kind of interesting as well these days, everything i do or buy im always asking myself, will this last uat least until i die? I absolutly hate doing things over or replacing them, espcially on the boat.

                now for the toilet system, since i inherited it, i can say i got a bit lucky. The toilets are 18 years old and no issues, same with the rest of the system. the comodes are microphor half gallon flush. The water drops everything into the hopper, the flap closes and compressed air shoots it down the pipe at 60psi. All pipes are PVC same as a house with a clean out for easy snaking should the worse happen.

                this goes into a huge treatment tank from microphor as well that uses series of media and germs to eat all that stuff and comes out to a clorinator for final sanitization and the out overboard or a holding tank that ive not used yet. System is rated for 15 people full time, so im well bellow capacity of course.

                so no power is used, valves are simple mechanical devices, adjustable , maintenance adding dry bacteria every 3 months and adding chlorine pucks when it gets low.

                parts are readily available, i have 2 rebuid kits on board i ordered right away for the toilets just to have them in case, and the support is great. Took me a while to understand what i had and the rep is top notch.

                but again, this is on this boat, would not do well on other boats for sure. but i do love it. Mind you lepke setup is something i would look into if i had to do something from scatch.

                On the other hand on our dingy i got what we call the crapitulator! Now that thing is absolutly awesome. A suitcase that unfolds with 3 sturdy legs, a seat and back rest. You put a bag with chemicals in it and poop in luxury anywhere you might be?. Bets my old diving days of a five gallon bucket on deck, that boat did not have any heads, so its all relative.

                Comment


                  #9
                  I do like my Vaccu-flush system. I have owned a number of vessel with electric and manual systems. The Vaccu-flush has some simple seals that will last from one to three years with care but are easy to replace. I keep those seals on board for quick repairs. Convenience in use and odor control. Just have to instruct guest: never stand & pee, never flush more than a few pieces of authorized paper, there is no such thing as a “flushable” baby wipe!

                  Comment


                    #10
                    Put a sign in the head, if you have not eaten it or is not toilet paper it does not belong in the toilet.
                    If you plug it up you will need to help unplug it!
                    Pat says: DO-IT-RIGHT THE FIRST TIME!

                    Bayliner 3870 "ALASKA33)
                    Twin 350 GM power
                    Located in Seward, AK
                    Retired marine surveyor

                    Comment


                      #11
                      Lepke what model boat did you put the Incinolets into? I have been reading about them after reading your post above but from what I can see there is no way one will fit into my 3888.
                      P/C Bob Hicks JN
                      Dock Holiday, 1992 Bayliner 3888 Double Cabin Flybridge Cruiser
                      Twin Hino W04TI 210 HP Diesels with Hurth HSW630A 2.0:1 Trannys
                      Westerbeke 8.0 BTD-614 8KW Genset
                      Avon 9 ft 6 in Tender with a Tohatsu M8B 8HP outboard
                      Currently moored at Stones in Nanamio, B.C.

                      Comment


                        #12
                        I have a 53 year old Wilcox Crittenden Skipper in my boat. My next boat will have one too!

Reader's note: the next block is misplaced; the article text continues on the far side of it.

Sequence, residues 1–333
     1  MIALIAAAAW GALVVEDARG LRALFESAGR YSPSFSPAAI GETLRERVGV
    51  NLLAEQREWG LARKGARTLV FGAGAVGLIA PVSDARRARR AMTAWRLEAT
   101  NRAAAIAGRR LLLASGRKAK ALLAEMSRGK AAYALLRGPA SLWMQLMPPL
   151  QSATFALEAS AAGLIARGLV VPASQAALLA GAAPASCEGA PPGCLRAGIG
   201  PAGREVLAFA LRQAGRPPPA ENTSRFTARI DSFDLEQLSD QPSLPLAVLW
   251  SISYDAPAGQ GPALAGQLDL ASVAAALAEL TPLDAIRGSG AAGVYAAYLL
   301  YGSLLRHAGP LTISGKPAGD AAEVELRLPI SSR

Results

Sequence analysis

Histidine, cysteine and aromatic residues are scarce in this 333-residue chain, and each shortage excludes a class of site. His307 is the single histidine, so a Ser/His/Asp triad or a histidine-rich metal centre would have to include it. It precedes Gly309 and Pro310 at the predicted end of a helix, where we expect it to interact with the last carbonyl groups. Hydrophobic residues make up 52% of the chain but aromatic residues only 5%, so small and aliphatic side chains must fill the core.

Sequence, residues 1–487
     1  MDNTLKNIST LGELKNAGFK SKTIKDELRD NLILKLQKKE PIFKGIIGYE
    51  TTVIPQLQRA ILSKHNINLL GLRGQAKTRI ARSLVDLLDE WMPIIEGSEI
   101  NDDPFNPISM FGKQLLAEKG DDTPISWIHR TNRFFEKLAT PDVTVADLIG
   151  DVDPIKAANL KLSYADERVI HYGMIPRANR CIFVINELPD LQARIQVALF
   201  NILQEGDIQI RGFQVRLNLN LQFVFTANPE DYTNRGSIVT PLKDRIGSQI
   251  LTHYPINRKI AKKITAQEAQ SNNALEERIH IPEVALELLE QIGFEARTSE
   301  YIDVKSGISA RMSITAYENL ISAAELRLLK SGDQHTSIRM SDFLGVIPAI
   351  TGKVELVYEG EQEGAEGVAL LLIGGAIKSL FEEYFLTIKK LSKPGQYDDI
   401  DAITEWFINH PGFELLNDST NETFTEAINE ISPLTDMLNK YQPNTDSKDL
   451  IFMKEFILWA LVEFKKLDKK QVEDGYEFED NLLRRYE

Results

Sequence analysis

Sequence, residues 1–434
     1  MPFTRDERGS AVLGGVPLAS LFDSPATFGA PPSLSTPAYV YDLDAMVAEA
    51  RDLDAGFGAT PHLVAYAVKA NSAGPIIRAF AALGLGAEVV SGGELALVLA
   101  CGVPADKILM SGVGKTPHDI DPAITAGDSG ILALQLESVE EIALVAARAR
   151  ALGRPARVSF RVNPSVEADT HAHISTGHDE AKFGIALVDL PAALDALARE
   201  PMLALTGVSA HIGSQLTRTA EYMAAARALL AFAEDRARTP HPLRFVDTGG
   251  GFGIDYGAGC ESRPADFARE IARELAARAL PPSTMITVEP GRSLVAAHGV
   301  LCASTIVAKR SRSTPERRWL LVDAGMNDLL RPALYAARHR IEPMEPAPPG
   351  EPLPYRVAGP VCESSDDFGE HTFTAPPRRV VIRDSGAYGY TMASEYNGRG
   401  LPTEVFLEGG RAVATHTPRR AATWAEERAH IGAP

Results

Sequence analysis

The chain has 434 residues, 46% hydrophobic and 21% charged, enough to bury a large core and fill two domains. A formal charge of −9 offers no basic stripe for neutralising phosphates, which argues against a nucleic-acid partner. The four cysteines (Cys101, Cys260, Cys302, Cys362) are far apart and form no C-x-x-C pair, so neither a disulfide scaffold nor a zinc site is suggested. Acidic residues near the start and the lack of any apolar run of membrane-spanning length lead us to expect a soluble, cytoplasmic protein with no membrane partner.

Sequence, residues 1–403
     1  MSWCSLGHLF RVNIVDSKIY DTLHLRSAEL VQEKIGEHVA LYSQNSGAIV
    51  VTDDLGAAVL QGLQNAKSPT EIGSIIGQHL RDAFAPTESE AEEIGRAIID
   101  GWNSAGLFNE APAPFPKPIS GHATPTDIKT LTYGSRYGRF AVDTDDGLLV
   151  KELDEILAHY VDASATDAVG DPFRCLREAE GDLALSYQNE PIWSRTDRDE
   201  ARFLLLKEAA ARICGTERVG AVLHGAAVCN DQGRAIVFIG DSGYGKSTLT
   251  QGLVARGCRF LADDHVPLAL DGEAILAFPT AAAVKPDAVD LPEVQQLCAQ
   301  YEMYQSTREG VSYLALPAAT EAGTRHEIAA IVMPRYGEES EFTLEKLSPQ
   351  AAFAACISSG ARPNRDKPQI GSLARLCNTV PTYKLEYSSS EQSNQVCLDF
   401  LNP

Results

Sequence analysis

The thing is simple and the nickname it has been bestowed is the "Corn Cob Crusher" I will let your imagination work that one out!

                        Even better if you fresh water flush em!
                        Currently sailing: Spencer 42 Sloop Hull #7

                        Looking at a 3888.

                        Comment


                          #13
                          I've been considering upgrading to the electric flush for convenience and to not have to keep explaining how the pump works. Along with that upgrade comes the decision to continue to use sea water or to plumb into the fresh water system.

                          Those of you who have upgraded - fresh water flush or sea water flush pros and cons?

                          Paul
                          US Army (Retired), Federal Way, WA

                          1990 Bayliner 3288 - the "Janna Lea"
                          MMSI: 338181912

                          Comment


                            #14
                            Originally posted by O1dSoldier View Post
                            I've been considering upgrading to the electric flush for convenience and to not have to keep explaining how the pump works. Along with that upgrade comes the decision to continue to use sea water or to plumb into the fresh water system.

                            Those of you who have upgraded - fresh water flush or sea water flush pros and cons?
                            if I had big tanks and good access to fresh water, I would go fresh water flush, sea water has lots of absorbed solids in it, and thus it is going to gum up the inside of your toilet system eventually and you will be having to rebuild or replace all the calcified components.
                            Currently sailing: Spencer 42 Sloop Hull #7

                            Looking at a 3888.

                            Comment


                              #15
                              My 32 has a ~90 gallon water tank currently not used for drinking and we don't take extended trips (though one day we will, I hope) so a water shortage isn't an issue at this point. I haven't had the boat long enough to see any problems with calcification but the odor left by the dead and decaying saltwater critters can be noticeable hence the convenience factor of not having to do a fresh water flush anyway to rinse out the seawater from the bowl.

                              Paul
                              US Army (Retired), Federal Way, WA

                              1990 Bayliner 3288 - the "Janna Lea"
                              MMSI: 338181912